Information Behaviour of Canadian Pharmaceutical Policy Makers
Understanding the information behaviour of policy makers targeted by knowledge translation efforts is key to improving policy research impact. This study explores the reported information behaviour of pharmaceutical policy decision-makers in Canada, a country highly associated with evidence-based practice yet still facing substantial barriers to evidence-informed health policy.
We conducted semi-structured telephone interviews with a purposive sample of 15 Canadian pharmaceutical policy decision-makers. Results of the descriptive, qualitative analysis were compared with the General Model of Information Seeking of Professionals (GMISP) proposed by Leckie, Pettigrew and Sylvain in 1996.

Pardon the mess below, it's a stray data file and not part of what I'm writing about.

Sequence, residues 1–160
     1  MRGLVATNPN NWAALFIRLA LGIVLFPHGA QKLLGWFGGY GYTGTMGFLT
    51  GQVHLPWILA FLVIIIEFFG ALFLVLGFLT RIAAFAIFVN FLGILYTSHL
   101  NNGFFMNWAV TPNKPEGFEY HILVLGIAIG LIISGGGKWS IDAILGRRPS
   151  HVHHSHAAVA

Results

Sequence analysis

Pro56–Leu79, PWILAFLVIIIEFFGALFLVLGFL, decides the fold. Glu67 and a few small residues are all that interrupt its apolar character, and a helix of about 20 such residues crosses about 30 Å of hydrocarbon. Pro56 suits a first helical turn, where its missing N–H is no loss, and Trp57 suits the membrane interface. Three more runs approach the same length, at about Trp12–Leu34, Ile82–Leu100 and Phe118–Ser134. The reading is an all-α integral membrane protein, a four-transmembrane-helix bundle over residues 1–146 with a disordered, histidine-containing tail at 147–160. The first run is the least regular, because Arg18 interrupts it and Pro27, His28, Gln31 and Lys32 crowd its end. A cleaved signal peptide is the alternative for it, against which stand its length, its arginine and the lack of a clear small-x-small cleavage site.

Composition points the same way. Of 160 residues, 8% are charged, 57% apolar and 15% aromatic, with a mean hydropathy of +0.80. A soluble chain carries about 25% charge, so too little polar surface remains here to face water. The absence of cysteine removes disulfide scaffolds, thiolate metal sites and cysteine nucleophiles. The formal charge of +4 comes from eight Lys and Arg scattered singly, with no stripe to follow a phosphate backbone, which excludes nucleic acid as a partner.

Characteristics of information needs included topic, depth/breadth of questions and time sensitivity. Approaches to information seeking were variously scattershot, systematic and delegated, depending on the characteristics as well as respondent resources. Major source types were human experts, electronic sources and trusted organisations. Affective (emotion-related) outcomes were common, including frustration and desire for better information systems and sources.
The GMISP model may be adapted to model information behaviour of Canadian pharmaceutical policy makers. In the absence of a dedicated, independent source for rapid-response policy research, these policy makers will likely continue to satisfice (make do) with available resources, and barriers to evidence-informed policy will persist.